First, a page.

In response to my post about Sunday’s LA Times stories telling of the two adolescents who died in the care (if you can call it that) of LA County’s Department of Children and Family Services, Richard Wexler, the
Executive Director National Coalition for Child Protection Reform wrote me an email that was both informative and disturbing.
Wexler commented in particular on the case of Miguel Padilla, the boy who was bounced around from place to place after his mother abandoned him and his father neglected him. He was raised for a while by his elderly great grand mother, who until finally he hung himself in a stand of trees outside the group home where he was placed at the end. His body was not discovered for nine days—and only then, by accident. No one had bothered to search for the kid.
Here are the questions Wexler asked:
A little boy [Miguel] is placed with his great grandmother. There is no indication that she does not love the child, but every indication that she is too old to keep up with him, supervise him properly or get him help with mental health problems.
But why does the Los Angeles Times assume, in its story Sunday about such a boy, that the only alternative is to take him away and place him with strangers?
Why didn’t anyone think to ask if DCFS should have poured help IN to that home, instead of asking only why they didn’t take the boy out?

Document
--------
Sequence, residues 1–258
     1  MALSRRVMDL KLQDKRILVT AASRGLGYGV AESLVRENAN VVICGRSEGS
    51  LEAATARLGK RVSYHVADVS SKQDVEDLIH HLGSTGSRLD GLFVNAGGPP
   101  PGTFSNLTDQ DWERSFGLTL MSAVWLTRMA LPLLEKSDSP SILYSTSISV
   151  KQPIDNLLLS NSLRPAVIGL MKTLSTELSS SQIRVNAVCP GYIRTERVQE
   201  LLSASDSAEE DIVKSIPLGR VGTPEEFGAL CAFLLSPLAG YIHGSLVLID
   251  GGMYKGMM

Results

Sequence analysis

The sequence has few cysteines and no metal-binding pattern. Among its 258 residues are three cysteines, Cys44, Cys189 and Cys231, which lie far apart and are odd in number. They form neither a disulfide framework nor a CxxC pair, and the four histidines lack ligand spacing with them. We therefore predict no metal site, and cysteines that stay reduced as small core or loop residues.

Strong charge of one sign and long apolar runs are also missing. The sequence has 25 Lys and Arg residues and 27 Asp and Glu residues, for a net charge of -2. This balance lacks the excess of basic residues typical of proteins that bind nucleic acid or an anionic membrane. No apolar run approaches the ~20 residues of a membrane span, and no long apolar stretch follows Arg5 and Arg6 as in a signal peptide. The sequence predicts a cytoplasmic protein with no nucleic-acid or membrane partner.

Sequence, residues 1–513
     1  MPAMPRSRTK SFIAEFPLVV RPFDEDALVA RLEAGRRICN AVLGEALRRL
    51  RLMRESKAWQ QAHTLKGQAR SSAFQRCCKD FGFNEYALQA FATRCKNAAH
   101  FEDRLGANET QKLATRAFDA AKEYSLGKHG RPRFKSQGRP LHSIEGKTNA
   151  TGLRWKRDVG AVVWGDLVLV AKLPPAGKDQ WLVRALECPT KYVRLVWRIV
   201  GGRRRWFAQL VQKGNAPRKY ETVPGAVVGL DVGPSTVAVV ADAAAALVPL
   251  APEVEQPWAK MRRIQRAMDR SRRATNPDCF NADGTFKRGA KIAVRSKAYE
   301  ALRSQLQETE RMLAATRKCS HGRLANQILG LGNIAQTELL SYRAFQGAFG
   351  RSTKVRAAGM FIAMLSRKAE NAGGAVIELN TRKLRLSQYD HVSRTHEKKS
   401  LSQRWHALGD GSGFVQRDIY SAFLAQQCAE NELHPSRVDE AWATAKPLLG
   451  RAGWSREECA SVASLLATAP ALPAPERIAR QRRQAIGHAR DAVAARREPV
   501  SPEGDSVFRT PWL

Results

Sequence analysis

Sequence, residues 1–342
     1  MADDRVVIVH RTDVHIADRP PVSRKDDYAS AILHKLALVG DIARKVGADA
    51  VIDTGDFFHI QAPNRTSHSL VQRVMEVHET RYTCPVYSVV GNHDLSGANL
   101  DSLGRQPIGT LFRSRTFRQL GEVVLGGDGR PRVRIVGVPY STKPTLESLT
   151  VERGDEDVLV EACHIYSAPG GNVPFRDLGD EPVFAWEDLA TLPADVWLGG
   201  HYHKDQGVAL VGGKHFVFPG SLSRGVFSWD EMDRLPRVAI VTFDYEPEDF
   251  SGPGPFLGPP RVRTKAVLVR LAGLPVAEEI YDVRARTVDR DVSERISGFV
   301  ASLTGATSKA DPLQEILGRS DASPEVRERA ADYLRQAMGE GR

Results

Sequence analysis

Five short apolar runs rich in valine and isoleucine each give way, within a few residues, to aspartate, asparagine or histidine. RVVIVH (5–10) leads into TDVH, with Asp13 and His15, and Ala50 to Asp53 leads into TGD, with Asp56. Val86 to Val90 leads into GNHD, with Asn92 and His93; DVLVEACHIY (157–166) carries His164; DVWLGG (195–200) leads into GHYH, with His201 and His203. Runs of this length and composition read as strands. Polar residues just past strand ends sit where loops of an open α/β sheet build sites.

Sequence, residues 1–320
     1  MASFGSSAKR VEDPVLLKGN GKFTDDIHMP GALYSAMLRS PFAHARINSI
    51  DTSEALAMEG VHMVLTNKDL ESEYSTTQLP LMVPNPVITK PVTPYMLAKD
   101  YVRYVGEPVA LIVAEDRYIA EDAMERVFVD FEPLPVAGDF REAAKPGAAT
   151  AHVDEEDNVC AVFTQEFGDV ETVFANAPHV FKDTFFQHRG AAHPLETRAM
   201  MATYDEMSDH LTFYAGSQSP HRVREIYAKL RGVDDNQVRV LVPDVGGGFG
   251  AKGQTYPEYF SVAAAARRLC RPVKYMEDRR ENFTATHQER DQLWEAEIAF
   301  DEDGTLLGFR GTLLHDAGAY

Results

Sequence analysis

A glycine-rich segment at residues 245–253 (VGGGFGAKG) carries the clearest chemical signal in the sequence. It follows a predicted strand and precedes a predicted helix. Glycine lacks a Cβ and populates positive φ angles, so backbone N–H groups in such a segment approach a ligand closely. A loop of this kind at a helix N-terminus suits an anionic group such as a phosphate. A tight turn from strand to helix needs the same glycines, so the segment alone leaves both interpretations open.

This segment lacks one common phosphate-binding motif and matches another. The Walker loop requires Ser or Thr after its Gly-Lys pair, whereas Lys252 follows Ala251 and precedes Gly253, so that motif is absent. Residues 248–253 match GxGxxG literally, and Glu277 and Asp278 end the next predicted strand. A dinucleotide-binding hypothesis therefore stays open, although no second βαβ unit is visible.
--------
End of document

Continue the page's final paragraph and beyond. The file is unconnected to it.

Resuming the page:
Apparently because the Times never asked anyone who would raise that option.
When Miguel Padilla first was placed, keeping him safely with his great-grandmother would have been relatively simple: An Intensive Family Preservation Services intervention to start with, followed by linking the great grandmother to less intensive help. Even without hindsight, the odds of Miguel succeeding, not to mention surviving, would have been far greater — and, it would have cost county taxpayers far less.
Now I don’t blame the LA Times reporters for asking those questions. Looking at the surface facts of the case, I too thought Miguel Padilla’s grandmother was too old and ill equipped to care for him. Ditto Lazhanae Harris, the 13-year-old girl whose terrible story the Times also told.
But Wexler insists that this is far from true, that if the parents are not abusive, intelligent family preservation is much, much cheaper and much more likely to have a good outcome, than dumping a kid into “the system,” as those whom I know who have had personal dealings with DCFS call foster care.
To illustrate, Wexler directed me to a video of a speech by one of his colleagues, Karl Dennis, a family preservation specialist who is also the visionary founder and longtime director of Kaleidoscope, a non-profit community-based childcare agency in Chicago.
Just a bit before the video’s halfway mark, Dennis tells a compelling about a kid who, like Miguel, had no place to go because his family couldn’t or wouldn’t take him. But Dennis and his group provided the wrap-around services necessary to return the kid to his very reluctant mother (again, for less money than a slot in the foster care system—and certainly less than incarcerating him, which was clearly where the kid was headed). It worked. According to Dennis, the difficult kid finished school and got a good paying job and now has a life.
According to Wexler, with any luck at all the same might have been true for Miguel and
Lazhanae —if the emphasis at DCFS was on family preservation.
It seems, unfortunately, that it is not. So, all too often it appears that the LA County agency that is supposed to rescue children from abuse and neglect, instead has systematized it.
Surely we can do better.